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Martine Feipel & Jean Bechameil "Garden of Resistance" (Audio- + Miniguide)

Commissioned to devise a unique project for Mudam’s Jardin des Sculptures, artists Martine Feipel and Jean Bechameil (b. 1975, Luxembourg/b. 1964, Paris) have conceived this exhibition especially for this glass-roofed space, responding to its function as a ‘garden’ for artworks.

Rich in visual references to the avant-garde movements of the early twentieth century (including the Bauhaus, Constructivism and Cubism) the work of Feipel and Bechameil addresses the complex relationships that exist between technical progress and industry. Reflecting, on the one hand, a period of considerable growth and change, and on the other, the social revolutions that took place and the accompanying hope and disillusionment, their work draws attention to the discrepancy between social progress and an improvement in living conditions, and the slow dehumanisation and fragmentation of the human body. Today, our societies are composed of individuals who depend on technological ‘prostheses’ meant to assist them in their everyday life.

At Mudam, the artists address this question of allegiance to technology in a new light.The exhibition, entitled Garden of Resistance, consists of three sculptures, including a new work. Together they create an artificial, automatised landscape intended to ‘unite the inert and the animate’. The work questions the capacity of our natural environment to develop strategies of resistance to the pressures brought to bear on it by industry. At the same time, the exhibition proposes a fantastical scenario; a hybridisation between nature and technology as opposed to the familiar nature/culture binary. Conceived as a garden of a different nature, its components are not plant-based but metallic and electronic. Nature is denatured; and becomes monstrous.

Two sculptures, both entitled L’Immortelle [The Immortal], represent respectively an unclassified tree, whose bark is composed of aluminium, and a pumpkin displaying the same characteristics. The principal work, and the one which gives the exhibition its title, is also made of aluminium and includes several painted elements. Visually, it has the appearance of a felled tree, its cut trunk lying across the exhibition space. Yet, on the upper part, some coloured shoots survive, suggesting the resilience of nature. In forested areas, dead trees remain a source of life and hospitality. New habitats develop there, and fauna and flora are reborn. This cyclical notion of time contradicts our cultural habit to perceive time as linear, as a succession of events with a beginning and an end.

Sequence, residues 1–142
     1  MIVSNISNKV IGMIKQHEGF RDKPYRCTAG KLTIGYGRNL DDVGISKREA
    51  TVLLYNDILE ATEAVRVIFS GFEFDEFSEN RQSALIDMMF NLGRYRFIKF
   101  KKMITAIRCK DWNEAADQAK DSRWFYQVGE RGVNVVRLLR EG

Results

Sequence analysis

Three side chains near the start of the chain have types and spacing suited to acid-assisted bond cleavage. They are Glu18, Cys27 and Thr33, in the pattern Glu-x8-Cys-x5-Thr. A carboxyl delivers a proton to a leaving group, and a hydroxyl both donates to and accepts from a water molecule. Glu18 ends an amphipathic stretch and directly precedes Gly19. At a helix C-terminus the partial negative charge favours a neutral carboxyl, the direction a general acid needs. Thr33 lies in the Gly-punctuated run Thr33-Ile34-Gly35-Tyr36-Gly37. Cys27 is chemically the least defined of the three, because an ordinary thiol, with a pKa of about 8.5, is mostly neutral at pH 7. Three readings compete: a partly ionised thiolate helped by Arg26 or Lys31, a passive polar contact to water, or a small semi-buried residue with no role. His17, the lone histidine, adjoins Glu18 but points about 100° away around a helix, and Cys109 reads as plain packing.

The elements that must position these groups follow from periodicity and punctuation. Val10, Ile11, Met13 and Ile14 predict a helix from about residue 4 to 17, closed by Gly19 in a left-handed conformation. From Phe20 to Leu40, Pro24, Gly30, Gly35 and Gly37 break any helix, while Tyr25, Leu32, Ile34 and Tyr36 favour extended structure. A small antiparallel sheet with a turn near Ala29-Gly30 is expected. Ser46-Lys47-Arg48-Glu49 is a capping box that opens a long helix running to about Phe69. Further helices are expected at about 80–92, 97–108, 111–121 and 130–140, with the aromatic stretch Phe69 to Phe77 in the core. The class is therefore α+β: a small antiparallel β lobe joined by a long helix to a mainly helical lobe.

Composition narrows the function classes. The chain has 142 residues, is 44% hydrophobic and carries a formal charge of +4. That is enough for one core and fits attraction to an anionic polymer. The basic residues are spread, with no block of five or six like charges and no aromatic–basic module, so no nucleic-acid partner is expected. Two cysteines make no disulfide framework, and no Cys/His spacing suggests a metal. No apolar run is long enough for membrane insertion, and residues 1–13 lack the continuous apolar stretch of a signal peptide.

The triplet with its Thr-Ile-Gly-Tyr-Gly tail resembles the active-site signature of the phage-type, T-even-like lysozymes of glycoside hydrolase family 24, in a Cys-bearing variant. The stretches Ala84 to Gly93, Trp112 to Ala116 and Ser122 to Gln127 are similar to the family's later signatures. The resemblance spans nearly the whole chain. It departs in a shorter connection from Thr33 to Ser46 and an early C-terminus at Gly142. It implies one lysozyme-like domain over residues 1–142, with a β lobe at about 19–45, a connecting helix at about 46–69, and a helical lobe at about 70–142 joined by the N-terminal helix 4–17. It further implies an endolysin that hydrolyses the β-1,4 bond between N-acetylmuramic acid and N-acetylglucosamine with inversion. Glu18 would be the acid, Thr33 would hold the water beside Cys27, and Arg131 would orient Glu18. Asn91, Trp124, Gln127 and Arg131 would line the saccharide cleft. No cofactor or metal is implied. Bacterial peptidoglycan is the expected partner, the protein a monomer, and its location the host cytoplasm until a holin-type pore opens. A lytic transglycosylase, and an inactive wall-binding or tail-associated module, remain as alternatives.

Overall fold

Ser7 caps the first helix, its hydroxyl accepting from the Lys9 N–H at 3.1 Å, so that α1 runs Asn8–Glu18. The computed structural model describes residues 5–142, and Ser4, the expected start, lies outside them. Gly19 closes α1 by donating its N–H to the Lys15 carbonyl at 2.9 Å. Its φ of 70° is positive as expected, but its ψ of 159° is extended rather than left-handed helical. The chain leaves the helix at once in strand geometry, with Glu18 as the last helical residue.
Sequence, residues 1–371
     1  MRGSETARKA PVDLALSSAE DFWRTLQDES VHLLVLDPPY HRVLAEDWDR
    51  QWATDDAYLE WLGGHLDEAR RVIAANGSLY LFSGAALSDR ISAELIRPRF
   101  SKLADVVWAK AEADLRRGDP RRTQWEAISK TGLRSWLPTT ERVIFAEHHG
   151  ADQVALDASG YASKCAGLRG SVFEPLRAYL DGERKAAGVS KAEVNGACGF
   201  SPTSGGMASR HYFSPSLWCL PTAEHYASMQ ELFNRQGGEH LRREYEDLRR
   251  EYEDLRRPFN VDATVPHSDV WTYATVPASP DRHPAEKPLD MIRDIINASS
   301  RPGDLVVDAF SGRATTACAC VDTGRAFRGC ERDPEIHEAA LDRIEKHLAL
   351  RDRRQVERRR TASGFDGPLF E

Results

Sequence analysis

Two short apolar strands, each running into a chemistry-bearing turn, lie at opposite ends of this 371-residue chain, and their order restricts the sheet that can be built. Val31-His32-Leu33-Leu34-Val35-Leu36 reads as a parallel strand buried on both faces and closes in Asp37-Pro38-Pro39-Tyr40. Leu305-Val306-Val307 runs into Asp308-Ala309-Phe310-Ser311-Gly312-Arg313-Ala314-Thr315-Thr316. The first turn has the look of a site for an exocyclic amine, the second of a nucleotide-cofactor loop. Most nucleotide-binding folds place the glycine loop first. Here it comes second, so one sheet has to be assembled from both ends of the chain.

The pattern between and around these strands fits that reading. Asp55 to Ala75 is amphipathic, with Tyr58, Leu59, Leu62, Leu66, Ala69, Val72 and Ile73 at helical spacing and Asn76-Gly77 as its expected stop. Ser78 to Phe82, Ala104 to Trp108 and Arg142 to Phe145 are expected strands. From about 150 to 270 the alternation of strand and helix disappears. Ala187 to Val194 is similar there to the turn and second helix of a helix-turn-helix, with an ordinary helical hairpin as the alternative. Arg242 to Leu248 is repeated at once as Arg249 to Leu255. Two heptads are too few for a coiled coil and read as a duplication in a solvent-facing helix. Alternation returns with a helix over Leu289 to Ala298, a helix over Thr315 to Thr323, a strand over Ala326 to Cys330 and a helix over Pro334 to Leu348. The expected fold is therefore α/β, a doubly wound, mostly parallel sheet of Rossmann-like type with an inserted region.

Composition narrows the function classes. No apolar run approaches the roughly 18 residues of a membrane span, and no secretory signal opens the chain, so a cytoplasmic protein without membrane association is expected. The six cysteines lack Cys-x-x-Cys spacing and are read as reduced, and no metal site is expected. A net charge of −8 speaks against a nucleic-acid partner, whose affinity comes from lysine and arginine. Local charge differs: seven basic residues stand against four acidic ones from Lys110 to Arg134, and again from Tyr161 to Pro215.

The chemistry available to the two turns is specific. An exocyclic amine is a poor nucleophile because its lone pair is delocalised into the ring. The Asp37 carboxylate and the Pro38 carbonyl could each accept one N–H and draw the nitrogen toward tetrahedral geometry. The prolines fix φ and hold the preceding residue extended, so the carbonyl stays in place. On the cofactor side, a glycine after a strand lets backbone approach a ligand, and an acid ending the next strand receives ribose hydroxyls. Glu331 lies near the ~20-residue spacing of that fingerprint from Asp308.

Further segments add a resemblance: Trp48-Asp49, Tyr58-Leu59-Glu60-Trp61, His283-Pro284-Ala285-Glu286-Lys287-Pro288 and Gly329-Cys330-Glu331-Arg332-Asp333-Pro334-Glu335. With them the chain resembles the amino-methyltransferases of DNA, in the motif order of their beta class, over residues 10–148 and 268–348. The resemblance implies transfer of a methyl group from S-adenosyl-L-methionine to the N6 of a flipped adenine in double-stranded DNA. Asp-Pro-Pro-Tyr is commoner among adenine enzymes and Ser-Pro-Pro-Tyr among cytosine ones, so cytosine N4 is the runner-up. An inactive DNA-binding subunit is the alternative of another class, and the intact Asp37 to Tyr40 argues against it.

The notion of linear time is yet further endorsed by a world where technical inventions that punctuate the march of progress are stamped with obsolescence, and thus programmed for destruction. The sculpture Garden of Resistance also suggests life through the continuous rotation of a section of the tree. As if autonomous, this purposeless, mechanical movement can be read as an act of resistance against obsolescence.

The slight background rustling that can be heard in the installation is intended to confirm the transition from a natural, open space to a place of architecture where the sky, seen through the glass walls of the Jardin des Sculptures, is the connecting element. These enclosed forest sounds which bring different forms of life from the outdoors together in a single space, append the living to the artificial. Feipel and Bechameil make no statement here; they are simply opening up spaces for reflection – in the first place, upon technology. Can technology, by following a model based on that of nature and the law of evolution, enable a technical object, a robot or a machine, to move beyond its current stage as a closed object? Can this object become a thing capable of regeneration, of engendering new forms of life – something which at present remains the privilege of nature?

The artists also consider nature itself; kept at a respectable distance for centuries and so brutally mistreated in the early years of the twenty-first century. The capacity of nature to adapt and its resilience often wrongly appear to us to be limitless. Is it possible that a transformation of natural material into processed materials could give birth to a new kind of environment? On their detour through the imaginary world, Feipel and Bechameil’s works lead us back to the realities and challenges of today.